Trouble for the ‘Blue Blood’ Programs in College Basketball

Coming into each year’s exhilarating NCAA basketball season, there are three main assumptions that college basketball fans everywhere tend to make: that March Madness will be pure pandemonium, that conference rivalries will be mouth-watering entertainment and finally, that Duke, North Carolina (UNC), Kentucky and all of the traditional “Blue Blood” programs will be dominant. 

The first assumption, barring a COVID-19 cancellation of this year’s tourney (knock on wood that we avoid that), will undoubtedly be true. There have already been upsets galore in this year’s slate of games and March just brings out the Cinderella in every upset-minded mid-major program. Davids will forever hunt the Goliaths in March. 

The second, that conference rivalries will not disappoint, has also been true this season. The Big 10, SEC, Big 12 and other packed conferences have been giving fans almost nightly battles. There are so few dominant teams in college basketball this year that any given night can yield an upset. And given the strength of some of these conferences (we’ll get to that), there are ranked matchups all over the place. 

The final assumption, however, has been unequivocally false. Duke and Kentucky find themselves at 7-5 and 5-10, respectively, with not an entirely great deal of hope that they will turn their seasons around. UNC is holding their own a bit more than the others with an 11-5 record, but they (like the other two) find themselves on the outside of the AP Top 25 rankings looking in. In fact, when the rankings came out on Jan. 18, it was the first time since 1961 that none of the three were ranked. That’s right, the last time that none of the big three of modern college basketball royalty was ranked was the same year that the Berlin Wall was built. 

Of the three, UNC has the most promise, but losses to North Carolina State and Georgia Tech make fans question their ability to make any noise this year. Duke just got freshman do-it-all forward Jalen Johnson back, and while he has looked stellar in his short career in Durham, they lack shooting from the perimeter. Big man Matthew Hurt is their only consistent shooter from three at a pretty outstanding 44%, but they need more triples to contend with some of the top dogs in the country. We saw that when they hosted Illinois in early December and got destroyed by the Illini, while shooting 5 for 22 from three. We aren’t accustomed to watching the Blue Devils get dominated in their own gym, but they did that night (as well as several other nights this season) and perimeter shooting is a massive reason why. Meanwhile, Kentucky is just bad. Despite a couple of good wins against Florida and LSU, losses to Georgia, Georgia Tech and Richmond show what kind of team they are: a team that is really struggling.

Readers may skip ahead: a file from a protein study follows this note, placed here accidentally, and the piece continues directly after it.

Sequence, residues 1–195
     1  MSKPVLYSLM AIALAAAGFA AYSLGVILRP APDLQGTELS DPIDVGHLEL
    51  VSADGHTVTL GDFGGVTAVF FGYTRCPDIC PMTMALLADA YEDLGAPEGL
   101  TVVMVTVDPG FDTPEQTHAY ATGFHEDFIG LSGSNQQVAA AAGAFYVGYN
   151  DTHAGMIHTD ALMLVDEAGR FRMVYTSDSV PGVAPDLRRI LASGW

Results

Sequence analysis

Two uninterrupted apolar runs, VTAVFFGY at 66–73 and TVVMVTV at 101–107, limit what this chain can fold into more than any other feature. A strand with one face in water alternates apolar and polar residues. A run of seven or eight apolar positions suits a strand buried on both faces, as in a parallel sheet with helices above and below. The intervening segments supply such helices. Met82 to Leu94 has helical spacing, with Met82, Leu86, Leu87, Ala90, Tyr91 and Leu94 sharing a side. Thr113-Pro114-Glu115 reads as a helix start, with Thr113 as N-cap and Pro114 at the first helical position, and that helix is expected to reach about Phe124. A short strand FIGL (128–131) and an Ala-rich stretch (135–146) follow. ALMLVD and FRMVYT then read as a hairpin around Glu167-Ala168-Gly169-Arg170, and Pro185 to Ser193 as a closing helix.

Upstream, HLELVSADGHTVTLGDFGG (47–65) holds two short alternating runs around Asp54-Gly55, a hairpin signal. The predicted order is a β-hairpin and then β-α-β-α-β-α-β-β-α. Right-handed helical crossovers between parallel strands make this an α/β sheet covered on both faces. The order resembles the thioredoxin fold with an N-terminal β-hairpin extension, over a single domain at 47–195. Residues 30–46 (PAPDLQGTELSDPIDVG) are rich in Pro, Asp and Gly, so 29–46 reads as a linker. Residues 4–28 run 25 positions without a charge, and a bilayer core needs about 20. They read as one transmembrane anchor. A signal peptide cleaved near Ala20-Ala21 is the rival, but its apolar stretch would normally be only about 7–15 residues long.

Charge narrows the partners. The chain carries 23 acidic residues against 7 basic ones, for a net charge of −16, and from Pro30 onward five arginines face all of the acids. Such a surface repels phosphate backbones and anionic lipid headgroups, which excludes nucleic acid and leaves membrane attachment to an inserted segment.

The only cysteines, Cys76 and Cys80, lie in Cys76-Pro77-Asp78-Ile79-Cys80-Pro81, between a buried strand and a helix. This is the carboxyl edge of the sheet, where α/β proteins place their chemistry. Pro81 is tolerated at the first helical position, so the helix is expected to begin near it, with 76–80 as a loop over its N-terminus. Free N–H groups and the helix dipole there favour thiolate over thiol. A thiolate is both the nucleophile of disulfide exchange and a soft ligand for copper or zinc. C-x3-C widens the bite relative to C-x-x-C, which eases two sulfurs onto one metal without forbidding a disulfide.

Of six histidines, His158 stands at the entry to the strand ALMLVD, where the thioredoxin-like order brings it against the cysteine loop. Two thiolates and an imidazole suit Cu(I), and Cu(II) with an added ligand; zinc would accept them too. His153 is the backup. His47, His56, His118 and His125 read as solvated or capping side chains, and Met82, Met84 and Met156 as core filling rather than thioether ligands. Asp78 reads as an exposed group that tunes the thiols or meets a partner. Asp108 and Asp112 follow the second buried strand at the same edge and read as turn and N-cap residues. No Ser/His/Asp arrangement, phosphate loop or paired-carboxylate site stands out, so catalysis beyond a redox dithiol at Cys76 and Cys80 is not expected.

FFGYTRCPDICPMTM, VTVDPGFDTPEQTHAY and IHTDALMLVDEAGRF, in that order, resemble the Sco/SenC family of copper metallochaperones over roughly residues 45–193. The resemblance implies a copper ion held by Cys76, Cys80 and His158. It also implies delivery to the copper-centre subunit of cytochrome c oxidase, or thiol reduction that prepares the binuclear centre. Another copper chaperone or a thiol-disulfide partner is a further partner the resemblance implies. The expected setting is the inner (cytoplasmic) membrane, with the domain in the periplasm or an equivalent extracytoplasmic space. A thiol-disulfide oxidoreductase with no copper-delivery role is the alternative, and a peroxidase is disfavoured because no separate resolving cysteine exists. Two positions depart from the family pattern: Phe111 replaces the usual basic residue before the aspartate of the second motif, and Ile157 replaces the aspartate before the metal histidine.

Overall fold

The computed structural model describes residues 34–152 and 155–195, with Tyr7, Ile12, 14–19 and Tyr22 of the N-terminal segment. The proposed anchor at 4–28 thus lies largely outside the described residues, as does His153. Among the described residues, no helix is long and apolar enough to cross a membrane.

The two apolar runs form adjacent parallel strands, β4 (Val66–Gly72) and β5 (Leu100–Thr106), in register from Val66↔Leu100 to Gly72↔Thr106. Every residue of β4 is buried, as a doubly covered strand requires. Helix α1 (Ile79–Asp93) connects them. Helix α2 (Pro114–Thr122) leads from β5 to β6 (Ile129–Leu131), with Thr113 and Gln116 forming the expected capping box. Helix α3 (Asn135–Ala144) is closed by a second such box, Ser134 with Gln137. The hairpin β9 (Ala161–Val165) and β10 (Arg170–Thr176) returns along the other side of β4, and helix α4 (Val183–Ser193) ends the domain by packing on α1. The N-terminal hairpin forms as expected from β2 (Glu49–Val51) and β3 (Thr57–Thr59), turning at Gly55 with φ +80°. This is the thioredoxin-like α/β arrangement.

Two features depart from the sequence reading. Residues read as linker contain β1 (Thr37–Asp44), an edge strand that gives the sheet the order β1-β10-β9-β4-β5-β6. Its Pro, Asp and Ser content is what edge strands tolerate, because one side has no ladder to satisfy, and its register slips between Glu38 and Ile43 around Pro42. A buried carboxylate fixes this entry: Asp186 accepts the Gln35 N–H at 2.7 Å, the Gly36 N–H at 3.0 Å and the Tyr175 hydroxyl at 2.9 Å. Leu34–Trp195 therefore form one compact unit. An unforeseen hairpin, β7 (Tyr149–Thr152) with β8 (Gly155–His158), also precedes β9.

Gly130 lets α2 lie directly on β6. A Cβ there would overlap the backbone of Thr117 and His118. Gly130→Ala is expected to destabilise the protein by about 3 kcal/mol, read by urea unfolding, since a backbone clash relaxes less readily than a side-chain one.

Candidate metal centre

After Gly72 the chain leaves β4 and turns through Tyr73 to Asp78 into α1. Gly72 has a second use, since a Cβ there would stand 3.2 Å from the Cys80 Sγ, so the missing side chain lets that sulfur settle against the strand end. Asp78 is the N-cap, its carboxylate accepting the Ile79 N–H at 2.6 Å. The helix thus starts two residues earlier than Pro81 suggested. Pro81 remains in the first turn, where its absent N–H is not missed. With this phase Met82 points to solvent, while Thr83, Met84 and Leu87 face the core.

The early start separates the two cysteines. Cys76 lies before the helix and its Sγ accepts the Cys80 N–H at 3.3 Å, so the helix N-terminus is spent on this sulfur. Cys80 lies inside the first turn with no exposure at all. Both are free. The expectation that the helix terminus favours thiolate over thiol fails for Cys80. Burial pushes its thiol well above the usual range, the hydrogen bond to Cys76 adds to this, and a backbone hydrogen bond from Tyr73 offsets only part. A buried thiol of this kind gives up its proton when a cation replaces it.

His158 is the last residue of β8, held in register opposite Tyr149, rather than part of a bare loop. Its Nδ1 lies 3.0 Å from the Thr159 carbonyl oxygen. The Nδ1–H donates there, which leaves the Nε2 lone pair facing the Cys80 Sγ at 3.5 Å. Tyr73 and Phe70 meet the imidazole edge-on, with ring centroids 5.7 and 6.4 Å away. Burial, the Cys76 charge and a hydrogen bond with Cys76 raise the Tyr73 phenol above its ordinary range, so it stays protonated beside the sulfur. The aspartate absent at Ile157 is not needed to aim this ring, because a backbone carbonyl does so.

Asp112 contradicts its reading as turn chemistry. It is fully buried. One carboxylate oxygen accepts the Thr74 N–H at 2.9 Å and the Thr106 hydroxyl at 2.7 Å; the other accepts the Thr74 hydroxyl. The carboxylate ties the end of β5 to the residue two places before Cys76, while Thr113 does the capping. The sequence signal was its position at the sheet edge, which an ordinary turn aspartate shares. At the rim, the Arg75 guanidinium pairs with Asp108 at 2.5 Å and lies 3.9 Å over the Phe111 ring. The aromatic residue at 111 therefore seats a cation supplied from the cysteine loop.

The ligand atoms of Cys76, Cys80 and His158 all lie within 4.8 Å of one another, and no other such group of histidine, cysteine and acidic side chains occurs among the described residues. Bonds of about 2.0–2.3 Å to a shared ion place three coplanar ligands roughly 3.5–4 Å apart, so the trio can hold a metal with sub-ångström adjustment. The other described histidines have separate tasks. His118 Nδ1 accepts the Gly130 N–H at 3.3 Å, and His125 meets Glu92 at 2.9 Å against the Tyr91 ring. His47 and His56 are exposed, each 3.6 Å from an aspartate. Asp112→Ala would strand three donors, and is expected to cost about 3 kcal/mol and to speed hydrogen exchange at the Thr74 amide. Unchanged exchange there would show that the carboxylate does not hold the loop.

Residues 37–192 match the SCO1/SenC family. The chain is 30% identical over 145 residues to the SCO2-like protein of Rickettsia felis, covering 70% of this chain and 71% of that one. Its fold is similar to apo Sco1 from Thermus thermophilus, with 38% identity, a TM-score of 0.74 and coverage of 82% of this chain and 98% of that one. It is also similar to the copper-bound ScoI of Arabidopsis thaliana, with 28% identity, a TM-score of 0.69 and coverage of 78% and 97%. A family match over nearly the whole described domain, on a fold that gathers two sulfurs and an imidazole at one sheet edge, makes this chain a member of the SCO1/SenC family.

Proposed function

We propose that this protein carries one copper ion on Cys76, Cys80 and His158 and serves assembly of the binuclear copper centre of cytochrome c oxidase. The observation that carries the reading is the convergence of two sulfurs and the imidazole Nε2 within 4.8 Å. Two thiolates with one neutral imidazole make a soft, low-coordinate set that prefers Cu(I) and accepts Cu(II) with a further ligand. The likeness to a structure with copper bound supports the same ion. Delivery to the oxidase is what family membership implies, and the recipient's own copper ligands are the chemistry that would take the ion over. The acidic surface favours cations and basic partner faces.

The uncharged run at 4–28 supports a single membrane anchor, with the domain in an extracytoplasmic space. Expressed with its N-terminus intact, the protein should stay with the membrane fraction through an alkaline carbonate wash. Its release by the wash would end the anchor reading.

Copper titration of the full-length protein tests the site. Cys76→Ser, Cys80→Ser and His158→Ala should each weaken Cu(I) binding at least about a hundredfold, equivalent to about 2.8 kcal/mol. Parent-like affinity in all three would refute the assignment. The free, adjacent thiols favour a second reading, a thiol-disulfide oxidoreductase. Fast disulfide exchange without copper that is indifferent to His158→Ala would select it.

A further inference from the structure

Another reason why these squads may be struggling this season is that they have young rosters playing with little preparation. Given the one-and-done culture that exists at the top of the college basketball world, young players are forced to step in and contribute from day one. Without a proper preseason and scrimmages to acclimate these young guys due to COVID-19, they have been thrown into the fire immediately. And with the rigor of their Power 5 conference schedules, these freshmen have tall tasks. Asking an 18-year-old kid to give you 30 points a night with basically no preparation is fairly egregious. On the other hand, we’ve seen teams with a lot of returning players and veteran guys play much better out of the gate. Teams like Baylor, led by a junior guard in Jared Butler or Gonzaga, with a plethora of returners, including senior guard Corey Kispert, are dominating early in this season. They have players who have been there and know how to deal with limited preparation. However, that excuse applies mostly to Kentucky and Duke, who have mostly young or graduate transfer players leading their lineups. UNC isn’t really struggling for veteran presence, they just can’t seem to fit the pieces together. Perhaps their added experience is the reason why their record is the best of the three, though.

With all that being said, Duke and UNC will match up on Saturday, Feb. 6 in a Tobacco Road rivalry game, and any true college basketball lover should be tuning in. When these two North Carolina schools located just ten miles from each other lace up and go to battle, great basketball is inevitable. A win in this annual blockbuster game could change the trajectory of either program’s season, and despite the fact that there won’t be a tiny number next to either team’s name indicating their AP Top 25 ranking, both sides know what’s at stake. Duke. Carolina. Cameron Indoor Stadium. That just is college basketball.